J. M. W. Turner

The above portrait of Turner by George Dance, c. 1800

Special thanks to the Microsoft Corporation for permission to use following biographical information from Microsoft® Encarta '97:

Joseph Mallord William Turner was an English landscape painter who is renowned especially for his dynamic treatment of natural light effects in land and marine subjects. His work is of direct importance in the development of impressionism.

Turner was born in London on April 23, 1775, and educated at the Royal Academy of Arts. At the age of 15 he exhibited his paintings at the academy and continued to show his work there until 1850. He was elected an associate of the academy in 1799 and a full member three years later. He traveled widely throughout his career, extensively touring England and Scotland and later France, Switzerland, and Italy. In 1807 he became professor of perspective at the Royal Academy and in 1845 was appointed deputy professor. Turner's early paintings were predominantly watercolors and his subjects mostly landscapes. By the late 1790s he had started exhibiting his first oil paintings, eventually transferring to the oils the same vibrance of color that had proved so successful in his watercolors. His mature work falls into three periods.

During the first period (1800-20) Turner painted many picturesque mythological and historical scenes in which the coloring was subdued and details and contours were emphasized. He was influenced by the 17th-century French landscape painter Claude Lorrain, notably in the use of atmospheric effects, as in The Sun Rising Through Vapor (1807, National Gallery, London), and in the treatment of architectural forms, as in Dido Building Carthage (1815, National Gallery). Turner also produced numerous engravings for his unfinished collection Liber Studiorum (1806-19).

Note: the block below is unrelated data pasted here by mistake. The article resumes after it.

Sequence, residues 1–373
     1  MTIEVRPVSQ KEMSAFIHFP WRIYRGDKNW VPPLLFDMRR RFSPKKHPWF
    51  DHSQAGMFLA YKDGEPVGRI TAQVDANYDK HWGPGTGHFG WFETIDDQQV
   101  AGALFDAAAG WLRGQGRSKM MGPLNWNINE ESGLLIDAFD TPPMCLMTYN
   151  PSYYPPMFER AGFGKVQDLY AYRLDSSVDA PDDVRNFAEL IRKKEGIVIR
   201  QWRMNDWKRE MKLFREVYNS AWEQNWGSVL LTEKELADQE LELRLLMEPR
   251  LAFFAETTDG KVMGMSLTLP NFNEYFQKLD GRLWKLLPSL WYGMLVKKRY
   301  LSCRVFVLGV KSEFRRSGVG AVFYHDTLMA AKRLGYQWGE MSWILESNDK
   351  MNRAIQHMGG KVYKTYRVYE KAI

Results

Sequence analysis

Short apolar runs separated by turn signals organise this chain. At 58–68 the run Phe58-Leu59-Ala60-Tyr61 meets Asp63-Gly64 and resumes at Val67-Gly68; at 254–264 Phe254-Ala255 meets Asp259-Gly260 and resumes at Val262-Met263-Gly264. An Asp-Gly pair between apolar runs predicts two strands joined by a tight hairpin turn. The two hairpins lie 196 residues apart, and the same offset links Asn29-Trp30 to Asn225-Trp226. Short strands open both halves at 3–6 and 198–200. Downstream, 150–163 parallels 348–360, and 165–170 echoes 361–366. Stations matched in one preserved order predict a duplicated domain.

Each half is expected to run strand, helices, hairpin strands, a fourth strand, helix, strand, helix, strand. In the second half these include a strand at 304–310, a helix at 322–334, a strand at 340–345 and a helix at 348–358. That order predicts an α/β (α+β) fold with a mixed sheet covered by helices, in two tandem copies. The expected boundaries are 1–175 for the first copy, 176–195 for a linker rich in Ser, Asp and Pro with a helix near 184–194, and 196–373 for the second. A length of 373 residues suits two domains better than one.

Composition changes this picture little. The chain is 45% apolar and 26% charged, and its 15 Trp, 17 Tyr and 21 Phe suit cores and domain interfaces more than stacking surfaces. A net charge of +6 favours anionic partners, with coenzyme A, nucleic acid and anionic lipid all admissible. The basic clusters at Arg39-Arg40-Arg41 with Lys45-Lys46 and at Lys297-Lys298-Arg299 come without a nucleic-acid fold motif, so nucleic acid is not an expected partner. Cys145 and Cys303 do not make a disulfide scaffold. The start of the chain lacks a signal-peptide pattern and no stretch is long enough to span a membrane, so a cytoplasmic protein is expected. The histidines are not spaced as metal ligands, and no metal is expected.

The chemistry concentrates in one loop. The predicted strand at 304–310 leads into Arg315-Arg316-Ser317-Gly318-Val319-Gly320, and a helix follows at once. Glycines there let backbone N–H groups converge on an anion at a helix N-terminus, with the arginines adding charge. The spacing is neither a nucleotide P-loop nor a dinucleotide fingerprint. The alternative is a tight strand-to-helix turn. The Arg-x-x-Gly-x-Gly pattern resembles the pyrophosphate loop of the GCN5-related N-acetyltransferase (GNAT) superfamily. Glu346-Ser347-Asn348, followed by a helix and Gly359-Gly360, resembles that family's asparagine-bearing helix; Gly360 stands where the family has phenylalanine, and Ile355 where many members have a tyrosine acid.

The paintings of the artist's second period (1820-35) are characterized by more brilliant coloring and by diffusion of light. In two of Turner's best works, Bay of Baiae (1823, National Gallery) and Ulysses Deriding Polyphemus (1829, National Gallery), his use of light lends radiance to the colors and softens architectural and topographical forms and shadows. During this period he also executed a number of illustrations for books on topography and a collection of watercolors depicting Venetian scenes.

Turner's artistic genius reached its culmination during his third period (1835-45). In such works as Snow Storm: Steam Boat Off a Harbor's Mouth (1842, Tate Gallery, London), Peace—Burial at Sea (1842, Tate Gallery), and Rain, Steam, and Speed (1844, National Gallery), he achieved a vibrant sense of force by presenting objects as indistinct masses within a glowing haze of color. Some of the forces represented are the strength of the sea and the rhythm of rain. Other famous works of this period include The Fighting Téméraire (1839, National Gallery), The Sun of Venice Going to Sea (1843, National Gallery), and The Approach to Venice (1844, National Gallery of Art, Washington, D.C.). Turner died in London on December 19, 1851.

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